... and so I figured that i'm going nowhere until I bring the OS up to date. Ha!

My best guess now is start over, reinstall everything, get SP2 on there lickety-split before it hangs itself, because it sure has plenty of rope.

Thanks again, i'm out, have a great weekend!

pfenertyAuthor Commented:
PS: well it's a new day, with new energies, and I just downloaded an interesting looking dot-iso from that Digital Life site, so thanks again for that.

You guys are the best!
So glad you managed to get straightened around.  MD5 and SHA-1 are important fingerprints and can be matched against known good fingerprints for large files.  They eliminate the possibility that an original has been adulterated in any way.  Publishers of large files can advertise these fingerprints to ensure downloaders get an uncontaminated result.

File Hash Checker is a free tool I use all the time to compare two files believed to be the same.

Hash and Sha-1 are long drawn-out strings that are unique results of an algrorithm applied to a file that are always different.  More info at the Hash File Checker link.
pfenertyAuthor Commented:
Not sure how straightened I have become, but I always deeply appreciate the efforts of folks who contribute to the common good, and try to help out myself. Like Red Green says, we're all in this together.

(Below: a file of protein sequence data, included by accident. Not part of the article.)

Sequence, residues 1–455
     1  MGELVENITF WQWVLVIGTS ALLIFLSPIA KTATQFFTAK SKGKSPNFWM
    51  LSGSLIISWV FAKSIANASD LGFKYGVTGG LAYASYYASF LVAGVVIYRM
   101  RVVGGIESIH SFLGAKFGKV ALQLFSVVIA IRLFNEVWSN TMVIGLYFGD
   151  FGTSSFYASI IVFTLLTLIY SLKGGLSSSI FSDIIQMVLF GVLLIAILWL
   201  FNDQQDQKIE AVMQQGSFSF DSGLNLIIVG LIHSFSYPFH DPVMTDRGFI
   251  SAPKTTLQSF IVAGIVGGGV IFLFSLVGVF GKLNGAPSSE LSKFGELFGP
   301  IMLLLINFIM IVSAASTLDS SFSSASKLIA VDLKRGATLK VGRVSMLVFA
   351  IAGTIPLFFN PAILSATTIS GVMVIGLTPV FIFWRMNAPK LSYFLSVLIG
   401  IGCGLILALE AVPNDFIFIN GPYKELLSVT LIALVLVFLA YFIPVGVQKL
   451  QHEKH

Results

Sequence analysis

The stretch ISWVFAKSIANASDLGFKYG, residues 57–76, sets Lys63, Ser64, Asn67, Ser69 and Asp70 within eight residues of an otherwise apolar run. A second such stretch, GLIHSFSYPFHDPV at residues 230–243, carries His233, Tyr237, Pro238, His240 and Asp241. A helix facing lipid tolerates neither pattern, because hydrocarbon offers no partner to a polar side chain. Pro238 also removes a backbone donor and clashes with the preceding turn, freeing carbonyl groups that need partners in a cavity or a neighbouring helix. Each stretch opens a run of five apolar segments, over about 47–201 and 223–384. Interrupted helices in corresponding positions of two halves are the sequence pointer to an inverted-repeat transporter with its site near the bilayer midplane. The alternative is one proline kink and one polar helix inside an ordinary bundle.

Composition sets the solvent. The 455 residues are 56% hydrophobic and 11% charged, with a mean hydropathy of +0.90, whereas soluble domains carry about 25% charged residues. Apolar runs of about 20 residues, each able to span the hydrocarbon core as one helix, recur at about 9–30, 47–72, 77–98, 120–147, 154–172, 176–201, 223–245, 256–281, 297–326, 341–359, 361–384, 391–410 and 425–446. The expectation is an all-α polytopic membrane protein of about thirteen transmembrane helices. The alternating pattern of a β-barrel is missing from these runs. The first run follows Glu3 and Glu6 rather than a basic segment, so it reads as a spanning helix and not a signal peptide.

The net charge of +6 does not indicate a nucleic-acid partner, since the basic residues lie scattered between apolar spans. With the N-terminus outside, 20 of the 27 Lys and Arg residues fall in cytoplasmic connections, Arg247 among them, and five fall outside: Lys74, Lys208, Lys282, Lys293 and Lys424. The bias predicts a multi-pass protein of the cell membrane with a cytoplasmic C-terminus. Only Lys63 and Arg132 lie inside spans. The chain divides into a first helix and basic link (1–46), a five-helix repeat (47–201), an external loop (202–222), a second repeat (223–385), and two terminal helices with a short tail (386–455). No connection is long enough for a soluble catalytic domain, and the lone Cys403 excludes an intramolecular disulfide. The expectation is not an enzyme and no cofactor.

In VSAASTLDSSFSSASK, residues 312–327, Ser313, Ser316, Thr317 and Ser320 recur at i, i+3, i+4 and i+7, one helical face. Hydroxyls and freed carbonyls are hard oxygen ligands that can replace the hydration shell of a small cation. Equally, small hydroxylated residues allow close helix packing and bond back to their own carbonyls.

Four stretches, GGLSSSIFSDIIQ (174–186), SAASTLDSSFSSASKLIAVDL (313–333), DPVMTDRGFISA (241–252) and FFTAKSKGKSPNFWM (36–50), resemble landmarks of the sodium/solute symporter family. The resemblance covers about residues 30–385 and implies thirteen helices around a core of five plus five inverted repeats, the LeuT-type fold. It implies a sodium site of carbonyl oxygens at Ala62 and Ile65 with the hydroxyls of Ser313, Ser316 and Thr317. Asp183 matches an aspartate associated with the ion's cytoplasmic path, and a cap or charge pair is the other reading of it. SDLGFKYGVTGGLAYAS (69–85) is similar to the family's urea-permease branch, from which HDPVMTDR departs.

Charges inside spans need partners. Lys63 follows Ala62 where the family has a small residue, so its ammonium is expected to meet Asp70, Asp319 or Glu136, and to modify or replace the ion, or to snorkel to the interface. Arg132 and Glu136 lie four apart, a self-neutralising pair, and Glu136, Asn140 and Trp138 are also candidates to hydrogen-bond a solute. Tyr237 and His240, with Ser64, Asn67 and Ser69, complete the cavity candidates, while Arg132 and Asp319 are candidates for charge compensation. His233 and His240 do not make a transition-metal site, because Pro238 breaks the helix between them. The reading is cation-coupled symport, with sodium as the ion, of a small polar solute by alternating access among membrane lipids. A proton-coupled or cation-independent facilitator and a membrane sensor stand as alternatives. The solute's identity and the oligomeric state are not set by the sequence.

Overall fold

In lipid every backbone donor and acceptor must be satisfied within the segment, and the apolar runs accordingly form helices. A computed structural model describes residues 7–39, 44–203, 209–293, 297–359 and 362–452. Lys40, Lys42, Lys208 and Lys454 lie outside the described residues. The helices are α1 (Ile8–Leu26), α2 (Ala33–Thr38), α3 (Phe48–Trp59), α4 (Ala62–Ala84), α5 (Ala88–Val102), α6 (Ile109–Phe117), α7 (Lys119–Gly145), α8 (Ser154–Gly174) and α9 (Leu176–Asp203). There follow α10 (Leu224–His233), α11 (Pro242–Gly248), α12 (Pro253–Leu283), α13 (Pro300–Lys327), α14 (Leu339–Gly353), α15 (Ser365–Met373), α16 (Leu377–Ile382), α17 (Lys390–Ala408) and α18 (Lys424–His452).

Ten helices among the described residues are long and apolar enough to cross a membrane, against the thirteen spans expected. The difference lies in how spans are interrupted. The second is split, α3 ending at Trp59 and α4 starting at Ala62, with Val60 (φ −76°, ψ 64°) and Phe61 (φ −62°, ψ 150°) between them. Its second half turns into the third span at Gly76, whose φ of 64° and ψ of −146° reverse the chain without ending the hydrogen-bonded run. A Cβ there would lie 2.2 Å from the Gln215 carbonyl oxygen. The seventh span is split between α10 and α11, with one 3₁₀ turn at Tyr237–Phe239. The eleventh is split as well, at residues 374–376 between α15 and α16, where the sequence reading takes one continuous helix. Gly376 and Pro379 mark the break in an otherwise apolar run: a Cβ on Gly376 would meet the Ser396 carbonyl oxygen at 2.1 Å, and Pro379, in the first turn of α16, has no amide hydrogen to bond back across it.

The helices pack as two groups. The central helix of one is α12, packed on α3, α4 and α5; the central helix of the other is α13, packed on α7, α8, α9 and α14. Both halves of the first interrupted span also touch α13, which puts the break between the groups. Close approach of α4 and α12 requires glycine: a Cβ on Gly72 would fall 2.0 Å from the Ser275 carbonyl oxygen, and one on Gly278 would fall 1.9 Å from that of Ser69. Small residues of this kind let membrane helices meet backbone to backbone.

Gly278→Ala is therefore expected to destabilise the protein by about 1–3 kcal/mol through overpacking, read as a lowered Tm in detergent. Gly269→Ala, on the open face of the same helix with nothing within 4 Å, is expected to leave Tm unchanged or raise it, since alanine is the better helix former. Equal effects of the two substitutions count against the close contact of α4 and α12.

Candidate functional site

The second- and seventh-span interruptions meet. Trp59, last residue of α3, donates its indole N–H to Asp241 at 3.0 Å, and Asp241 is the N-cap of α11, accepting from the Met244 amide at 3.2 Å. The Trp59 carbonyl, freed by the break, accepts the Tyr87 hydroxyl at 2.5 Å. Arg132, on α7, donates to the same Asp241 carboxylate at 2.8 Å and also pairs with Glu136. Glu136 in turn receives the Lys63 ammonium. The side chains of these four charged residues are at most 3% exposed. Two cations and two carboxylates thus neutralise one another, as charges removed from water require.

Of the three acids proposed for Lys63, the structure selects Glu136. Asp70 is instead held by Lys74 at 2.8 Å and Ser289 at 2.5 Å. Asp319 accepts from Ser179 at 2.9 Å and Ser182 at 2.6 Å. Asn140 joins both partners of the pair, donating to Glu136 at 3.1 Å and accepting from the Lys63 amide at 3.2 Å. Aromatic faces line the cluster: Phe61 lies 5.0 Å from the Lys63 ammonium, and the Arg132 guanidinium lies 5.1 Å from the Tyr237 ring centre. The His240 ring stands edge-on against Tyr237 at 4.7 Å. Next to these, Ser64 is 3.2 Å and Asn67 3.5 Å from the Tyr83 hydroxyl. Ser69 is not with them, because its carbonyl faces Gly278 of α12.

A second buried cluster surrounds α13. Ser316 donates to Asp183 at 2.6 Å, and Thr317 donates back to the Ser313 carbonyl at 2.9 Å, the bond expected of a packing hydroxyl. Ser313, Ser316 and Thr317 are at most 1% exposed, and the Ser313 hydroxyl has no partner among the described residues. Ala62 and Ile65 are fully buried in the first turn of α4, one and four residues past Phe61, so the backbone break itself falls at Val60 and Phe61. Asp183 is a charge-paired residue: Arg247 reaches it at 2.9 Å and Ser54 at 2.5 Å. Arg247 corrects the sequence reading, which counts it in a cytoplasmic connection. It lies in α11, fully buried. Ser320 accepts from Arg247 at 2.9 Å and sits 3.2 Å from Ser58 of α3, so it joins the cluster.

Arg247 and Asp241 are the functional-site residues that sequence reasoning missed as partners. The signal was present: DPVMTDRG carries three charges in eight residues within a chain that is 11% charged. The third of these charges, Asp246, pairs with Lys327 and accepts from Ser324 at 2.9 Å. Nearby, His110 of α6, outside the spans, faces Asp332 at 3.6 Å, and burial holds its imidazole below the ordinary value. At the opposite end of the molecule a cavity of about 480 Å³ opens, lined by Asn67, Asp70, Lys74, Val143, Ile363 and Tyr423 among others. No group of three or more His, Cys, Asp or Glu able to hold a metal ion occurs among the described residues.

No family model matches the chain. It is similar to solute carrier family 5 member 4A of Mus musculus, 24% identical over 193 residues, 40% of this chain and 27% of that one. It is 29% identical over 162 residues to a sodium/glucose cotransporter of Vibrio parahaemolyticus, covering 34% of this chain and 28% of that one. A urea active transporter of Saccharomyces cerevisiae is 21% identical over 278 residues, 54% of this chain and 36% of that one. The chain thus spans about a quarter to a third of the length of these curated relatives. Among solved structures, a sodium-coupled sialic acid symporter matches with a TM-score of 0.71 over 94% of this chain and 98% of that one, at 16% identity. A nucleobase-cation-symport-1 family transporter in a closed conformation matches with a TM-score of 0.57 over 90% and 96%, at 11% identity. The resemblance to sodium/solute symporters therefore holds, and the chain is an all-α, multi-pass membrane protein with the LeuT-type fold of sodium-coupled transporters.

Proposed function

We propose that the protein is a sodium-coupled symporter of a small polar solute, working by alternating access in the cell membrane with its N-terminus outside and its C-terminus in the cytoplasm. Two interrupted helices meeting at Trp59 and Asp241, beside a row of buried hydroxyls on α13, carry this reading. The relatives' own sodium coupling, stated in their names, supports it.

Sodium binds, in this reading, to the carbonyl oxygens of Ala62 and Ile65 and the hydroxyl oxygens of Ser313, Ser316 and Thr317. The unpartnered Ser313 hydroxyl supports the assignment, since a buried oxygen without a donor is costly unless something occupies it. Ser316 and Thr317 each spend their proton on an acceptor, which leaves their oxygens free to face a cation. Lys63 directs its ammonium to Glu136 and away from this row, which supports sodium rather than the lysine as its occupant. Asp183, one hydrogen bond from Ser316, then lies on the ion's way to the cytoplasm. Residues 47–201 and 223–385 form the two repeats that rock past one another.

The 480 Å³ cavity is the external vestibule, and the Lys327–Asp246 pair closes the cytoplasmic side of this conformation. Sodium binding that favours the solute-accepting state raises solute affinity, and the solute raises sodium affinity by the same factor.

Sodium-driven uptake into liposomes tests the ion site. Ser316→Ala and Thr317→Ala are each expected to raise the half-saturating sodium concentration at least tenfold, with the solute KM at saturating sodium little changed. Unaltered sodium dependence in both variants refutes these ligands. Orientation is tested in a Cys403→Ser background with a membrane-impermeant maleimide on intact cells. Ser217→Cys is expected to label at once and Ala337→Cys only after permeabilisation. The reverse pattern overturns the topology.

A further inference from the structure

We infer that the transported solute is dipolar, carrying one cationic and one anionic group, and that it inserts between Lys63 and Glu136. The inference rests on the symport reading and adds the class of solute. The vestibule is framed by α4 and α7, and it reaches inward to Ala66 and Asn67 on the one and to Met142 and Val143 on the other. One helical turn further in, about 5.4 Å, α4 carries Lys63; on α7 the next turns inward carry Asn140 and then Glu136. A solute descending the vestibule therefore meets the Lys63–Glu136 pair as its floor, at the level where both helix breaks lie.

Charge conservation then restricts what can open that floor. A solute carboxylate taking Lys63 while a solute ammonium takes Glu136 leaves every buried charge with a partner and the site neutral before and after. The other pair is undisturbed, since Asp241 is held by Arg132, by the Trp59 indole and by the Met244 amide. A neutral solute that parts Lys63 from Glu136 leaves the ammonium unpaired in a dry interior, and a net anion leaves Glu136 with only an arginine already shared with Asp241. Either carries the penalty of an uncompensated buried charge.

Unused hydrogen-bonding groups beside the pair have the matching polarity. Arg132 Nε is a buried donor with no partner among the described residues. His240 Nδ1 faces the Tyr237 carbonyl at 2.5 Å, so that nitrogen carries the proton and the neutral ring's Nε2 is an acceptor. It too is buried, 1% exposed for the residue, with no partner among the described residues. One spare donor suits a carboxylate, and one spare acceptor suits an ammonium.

Totally agree about checking file signatures. The free tool I use is Linux.

Also ... Cygwin has it ... so if you were smart enough to install that on your Windows box, for all the power and grace that a UNIX-like interface brings to your file system, you're all set for cryptographic hash functions.

At the command line prompt:

    md5sum filename


    sha1sum filename

Thanks again!

pfenertyAuthor Commented:
Probably should mention the little guy ... cksum ... faster than the other two, and good for simple file differentiation.

I rip lots of .wav files from CDs, copy them around into subdirectories, and sometimes rename them. So I wind up with multiple copies of the same file with different names.

To clean up, (1) find all the .wavs within the directory tree, (2) find files of matching size, and then (3) cksum the matches, because not all same length files are actually the same file.

It runs in Cygwin, but the shebang line (line #1) needs to match the local PATH to Cygwin executables.

Also, unix does not support filenames with spaces, so there's that too :(

But you get the idea ... cksum is cool ... have a blast!

Sample output:

2757122150 23849324 ./cdr1/beatles_revolver-11.wav
2757122150 23849324 ./cdr2/beatles_dr_robert.wav

I prefer the Windows type interface. :^) This CYGwin looks good for more customized power usage.  I installed CYGwin anyway and will eventually get around to "playing" with it, but have had no past experience with it.

We should probably not be posting so much off topic information on this forum.  Feel free to contact me through my Yahoo email jimthetech<at>yahoo<dot>ca

Best regards,

Thank you for using Experts Exchange!
pfenertyAuthor Commented:
Agree about the tangents. Will stop shamelessly recommending Linux solutions on a WIndows platform, fun though that is. adios.
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Windows Vista